In the process, I’ve learned: that personal letters are more effective than click-and-send form letters; that shorter letters are more effective than longer (e.g. one page maximum); and that typed letters are more effective than handwritten (I forget where I’d picked up the contrary notion, but I appreciate type’s easier on MP staff’s eyes).
Anyway, if you don’t think SOPA has any more of a place in Canada than it did in the USA, tell your MP so, and do it soon.
I am writing to register my objection to the digital lock provisions in Bill C-11, and to strenuously oppose any new “enabler” provisions, based on the disastrously designed SOPA legislation that failed (justly) in the USA, but which entertainment lobbies are now pushing here in Canada.
Aside from the digital lock provisions, Bill C-11 stands to benefit Canadians; however, SOPA-style enabler provisions threaten the very structure of the Internet itself, and would grievously jeopardize Canadian business, national security, and citizens’ rights and freedoms. You have previously committed to passing C-11 unchanged; I urge you to maintain that commitment and refuse any changes to C-11 that would either introduce enabler provisions or further tighten digital lock provisions. Such changes would turn the bill’s existing compromise of the public interest into a downright public menace.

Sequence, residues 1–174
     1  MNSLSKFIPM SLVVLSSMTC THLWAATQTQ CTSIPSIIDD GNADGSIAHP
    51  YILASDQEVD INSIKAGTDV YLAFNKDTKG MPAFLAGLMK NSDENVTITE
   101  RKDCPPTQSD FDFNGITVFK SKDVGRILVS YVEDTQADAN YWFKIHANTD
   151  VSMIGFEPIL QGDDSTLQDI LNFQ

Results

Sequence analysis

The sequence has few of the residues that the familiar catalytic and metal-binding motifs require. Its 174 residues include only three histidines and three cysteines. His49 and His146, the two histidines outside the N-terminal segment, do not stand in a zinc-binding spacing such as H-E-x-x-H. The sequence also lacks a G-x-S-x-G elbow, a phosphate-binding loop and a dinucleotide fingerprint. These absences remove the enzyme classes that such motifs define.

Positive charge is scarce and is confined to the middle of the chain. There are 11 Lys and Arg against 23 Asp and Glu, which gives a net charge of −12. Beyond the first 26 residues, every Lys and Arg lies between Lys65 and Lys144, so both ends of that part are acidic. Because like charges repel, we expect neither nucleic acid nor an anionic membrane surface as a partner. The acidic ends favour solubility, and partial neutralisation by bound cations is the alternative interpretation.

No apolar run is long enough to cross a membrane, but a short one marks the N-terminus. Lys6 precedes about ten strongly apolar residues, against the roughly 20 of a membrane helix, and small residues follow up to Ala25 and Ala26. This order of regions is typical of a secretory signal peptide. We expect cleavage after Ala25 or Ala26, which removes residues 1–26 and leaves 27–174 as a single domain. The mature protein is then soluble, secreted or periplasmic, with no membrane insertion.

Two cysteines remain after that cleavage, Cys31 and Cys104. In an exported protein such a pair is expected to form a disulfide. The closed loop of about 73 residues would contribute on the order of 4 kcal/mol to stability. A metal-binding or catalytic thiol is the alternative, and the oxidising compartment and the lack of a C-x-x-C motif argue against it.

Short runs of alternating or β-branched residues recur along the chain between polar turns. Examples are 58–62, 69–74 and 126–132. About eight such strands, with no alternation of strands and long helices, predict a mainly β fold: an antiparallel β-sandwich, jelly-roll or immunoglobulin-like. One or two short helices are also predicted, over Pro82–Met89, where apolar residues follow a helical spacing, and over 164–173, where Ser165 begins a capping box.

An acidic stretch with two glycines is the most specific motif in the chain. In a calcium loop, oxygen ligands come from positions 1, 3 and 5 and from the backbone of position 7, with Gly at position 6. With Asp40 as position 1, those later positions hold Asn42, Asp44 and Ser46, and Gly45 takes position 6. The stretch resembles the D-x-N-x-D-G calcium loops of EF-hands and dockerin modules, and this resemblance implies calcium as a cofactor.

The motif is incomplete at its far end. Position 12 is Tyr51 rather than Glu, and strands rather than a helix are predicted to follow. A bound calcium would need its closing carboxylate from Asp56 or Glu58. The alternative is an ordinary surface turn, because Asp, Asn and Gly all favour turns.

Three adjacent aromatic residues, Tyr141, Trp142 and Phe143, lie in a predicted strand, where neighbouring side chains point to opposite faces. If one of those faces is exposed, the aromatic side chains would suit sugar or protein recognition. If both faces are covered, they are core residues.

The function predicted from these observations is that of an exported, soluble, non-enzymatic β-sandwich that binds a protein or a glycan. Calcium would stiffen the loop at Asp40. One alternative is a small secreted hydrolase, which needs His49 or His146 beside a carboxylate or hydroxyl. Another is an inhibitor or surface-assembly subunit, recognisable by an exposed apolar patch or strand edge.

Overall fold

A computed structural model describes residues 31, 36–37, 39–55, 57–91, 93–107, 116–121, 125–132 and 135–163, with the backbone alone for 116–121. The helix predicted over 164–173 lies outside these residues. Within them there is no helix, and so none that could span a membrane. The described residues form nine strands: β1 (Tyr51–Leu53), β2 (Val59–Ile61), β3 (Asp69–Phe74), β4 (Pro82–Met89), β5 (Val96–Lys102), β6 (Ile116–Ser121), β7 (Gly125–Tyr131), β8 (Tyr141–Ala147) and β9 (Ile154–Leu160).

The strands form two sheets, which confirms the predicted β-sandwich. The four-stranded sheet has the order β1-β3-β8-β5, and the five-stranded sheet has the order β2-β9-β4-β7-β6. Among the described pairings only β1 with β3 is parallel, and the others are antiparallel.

Thank you for considering these concerns.
For more reading on the threat of SOPA in Canada:
“Dear They.” “A Copyright Quickie: Canada is about to pass SOPA’s evil little brother. Politely.” 26 Jan. 2012.
—. “C-11 Form Letter.” 2012.
Geist, Michael. “The Behind-the-Scenes campaign to Bring SOPA to Canada.” 23 Jan. 2012.